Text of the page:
Tips for Fighting Homework Fatigue in 4 Minutes
- Posted August 01, 2014 by Christina Schiel in College Life
- Tags:College Life
It happens to every student: Your eyes start to hurt because you've been staring at the computer screen for too long without blinking. Your forehead is practically resting on the screen since your body has been inching closer to it. Your back hurts because of the leaning, your eyes just want to close, and best of all, you have homework to finish.
Yes, taking a power nap sounds appealing. Yes, watching a 30-minute TV show would give your brain a break. However, if you're like most of us, a power nap turns into not getting out of bed and that 30-minute TV show transforms into two hours of channel surfing. Fight the desire to tackle the assignment later when you're "better rested," because you and I both know that you can conquer this homework assignment now; you just don't want to.
Here's the solution: Trick yourself into getting the energy to complete it. In four minutes, you can persuade your mind that now is the perfect time to devour that low-hanging fruit.
Minutes 1 and 2: Stand up. Walk away from your computer. Shake out your arms and legs. Roll your shoulders backwards then forwards. Kick out your feet. Roll your wrists. Walk up and down stairs if you have them. I even encourage you to do a few jumping jacks. Whatever you do, just keep moving.
Why it works: The body and mind have a dependent relationship on each other. If you're couch-potatoing it, your brain is going to get sleepy. However, if your body is moving, your brain knows that it has to be ready for anything.
Minute 3: Get a pen and paper—don't go back to your homework yet!—and write down all the reasons why you're getting your degree. Don't worry about full sentences, this won't be graded. You can put short phrases such as "children," "get a job," "promotion," "exceed expectations," whatever you like. Write as many reasons as you can, and when you run out of reasons, simply write, "I can succeed. I will succeed" until you hit minute 4.
Why it works: Now that your brain is more alert thanks to the physical activity, it can focus on the bigger picture and not the lonely TV remote. What you're writing on paper is persuading your brain to think beyond just tonight and how this assignment is a step toward long-term success. Your brain will believe what you tell it to believe, so put the right motivators out there.
Minute 4: Bribery and Trickery. For the last minute I want you to do two things. First, think about what you can do tomorrow, if you finish your homework tonight. Don't write them down; just let them fill your thoughts. Think, "If I finish this assignment tonight... I won't have to worry about it tomorrow; I can watch that baseball game without multitasking; I can have homework-free time with my kids." Envision it and imagine what tomorrow will be without this homework lurking. Second, smile a big show-off-your-teeth grin. Yes, it'll feel weird just smiling randomly, but do it.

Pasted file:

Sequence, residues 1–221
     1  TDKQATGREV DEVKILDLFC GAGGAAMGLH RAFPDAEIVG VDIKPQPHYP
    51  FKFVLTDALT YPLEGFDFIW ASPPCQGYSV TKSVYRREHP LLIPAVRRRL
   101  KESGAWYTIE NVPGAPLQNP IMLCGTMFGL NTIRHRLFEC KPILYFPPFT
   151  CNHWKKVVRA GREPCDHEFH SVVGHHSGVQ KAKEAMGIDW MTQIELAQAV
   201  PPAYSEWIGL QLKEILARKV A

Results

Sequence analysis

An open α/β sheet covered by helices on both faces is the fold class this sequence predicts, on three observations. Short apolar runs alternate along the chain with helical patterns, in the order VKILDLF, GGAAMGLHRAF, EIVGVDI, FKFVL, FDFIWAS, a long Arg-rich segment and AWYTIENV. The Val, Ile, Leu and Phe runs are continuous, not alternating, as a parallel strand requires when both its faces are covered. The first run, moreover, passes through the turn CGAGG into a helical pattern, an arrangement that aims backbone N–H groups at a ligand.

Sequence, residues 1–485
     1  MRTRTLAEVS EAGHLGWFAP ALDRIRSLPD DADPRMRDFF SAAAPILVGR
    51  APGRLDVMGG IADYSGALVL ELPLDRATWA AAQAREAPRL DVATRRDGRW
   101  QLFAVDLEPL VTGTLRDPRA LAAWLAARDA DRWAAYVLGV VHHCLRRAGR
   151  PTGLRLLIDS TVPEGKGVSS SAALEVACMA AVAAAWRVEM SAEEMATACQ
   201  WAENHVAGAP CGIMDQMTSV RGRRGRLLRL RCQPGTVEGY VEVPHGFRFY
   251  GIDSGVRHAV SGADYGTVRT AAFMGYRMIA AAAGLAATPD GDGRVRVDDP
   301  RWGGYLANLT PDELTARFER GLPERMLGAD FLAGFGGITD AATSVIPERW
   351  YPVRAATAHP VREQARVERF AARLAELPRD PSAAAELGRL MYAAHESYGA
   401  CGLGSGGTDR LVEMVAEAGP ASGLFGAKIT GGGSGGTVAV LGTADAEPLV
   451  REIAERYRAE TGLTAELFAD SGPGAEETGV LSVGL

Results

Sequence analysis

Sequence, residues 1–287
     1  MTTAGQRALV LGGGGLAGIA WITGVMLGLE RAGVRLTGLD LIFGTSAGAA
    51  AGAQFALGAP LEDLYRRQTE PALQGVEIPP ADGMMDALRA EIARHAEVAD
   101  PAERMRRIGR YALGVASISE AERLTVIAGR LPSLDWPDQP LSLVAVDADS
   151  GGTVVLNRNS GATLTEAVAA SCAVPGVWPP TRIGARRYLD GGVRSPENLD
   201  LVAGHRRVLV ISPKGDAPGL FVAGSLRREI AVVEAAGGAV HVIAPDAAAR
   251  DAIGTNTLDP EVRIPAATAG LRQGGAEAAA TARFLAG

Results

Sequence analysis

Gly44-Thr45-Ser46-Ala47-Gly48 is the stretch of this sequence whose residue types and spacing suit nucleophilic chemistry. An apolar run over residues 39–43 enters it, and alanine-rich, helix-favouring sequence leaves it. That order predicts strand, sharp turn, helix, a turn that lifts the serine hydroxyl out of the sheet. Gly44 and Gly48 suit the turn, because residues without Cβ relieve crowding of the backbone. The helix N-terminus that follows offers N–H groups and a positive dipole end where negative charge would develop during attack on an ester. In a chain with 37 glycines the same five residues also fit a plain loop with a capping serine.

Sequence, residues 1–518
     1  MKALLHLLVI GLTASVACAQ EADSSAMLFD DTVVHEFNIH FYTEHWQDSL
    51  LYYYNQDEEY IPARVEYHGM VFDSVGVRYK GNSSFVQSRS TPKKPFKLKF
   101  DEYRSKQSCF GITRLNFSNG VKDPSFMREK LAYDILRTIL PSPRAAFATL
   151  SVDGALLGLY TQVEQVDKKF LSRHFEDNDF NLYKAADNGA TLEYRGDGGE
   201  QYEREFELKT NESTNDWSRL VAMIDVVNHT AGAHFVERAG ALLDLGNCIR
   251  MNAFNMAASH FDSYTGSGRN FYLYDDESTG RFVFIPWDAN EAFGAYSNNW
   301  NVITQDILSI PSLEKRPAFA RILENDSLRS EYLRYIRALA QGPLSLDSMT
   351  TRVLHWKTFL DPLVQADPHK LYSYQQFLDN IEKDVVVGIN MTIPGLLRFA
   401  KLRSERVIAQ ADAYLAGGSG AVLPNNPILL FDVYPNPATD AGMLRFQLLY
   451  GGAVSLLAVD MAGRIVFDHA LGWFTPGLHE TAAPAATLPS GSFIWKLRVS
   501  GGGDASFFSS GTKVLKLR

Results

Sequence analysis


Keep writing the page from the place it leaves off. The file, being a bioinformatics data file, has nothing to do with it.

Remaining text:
Why it works: Because bribery and trickery work. Our brains are programmed for tit-for-tat. There has to be a reward for everything. Tell yourself what the reward is now, so you have something to work toward. As for smiling, a smile can trick your body into thinking that you should be happy right now. A frown can persuade your brain otherwise. Remember, you control what your brain thinks. Make it positive.
Now, you re-energized student, be inspired and go tackle that assignment!
For more tips on how to succeed at school, read our College Life blog.
Though the quality of your work should (and often does) speak volumes about your integrity and abilities, your reputation also matters. It's entirely possible to have a great performance history muddled by a poor reputation, or a bumpy track record made up for by an image of personal commitment and integrity.
One of the worst qualities that can be associated with your name is laziness--a conscious lack of desire or motivation to put effort into your job. Laziness means a bad attitude on top of a poor performance, and being seen as lazy can destroy your professional reputation.
Watch out for these 10 phrases, any one of which could illustrate you as a lazy worker.
1. That isn't my job. Each of us has specific talents and specific responsibilities in our professional roles, and inevitably, we're tasked with things that fall outside those parameters. You might be asked to research something that's outside your comfort zone or help out with another department's workload. Flat-out rejecting a request like these by stating "that isn't my job" will make you seem lazy. Instead, try to take it on--if you absolutely can't, use softer, more logical reasoning to suggest a party who might be able to handle it more efficiently.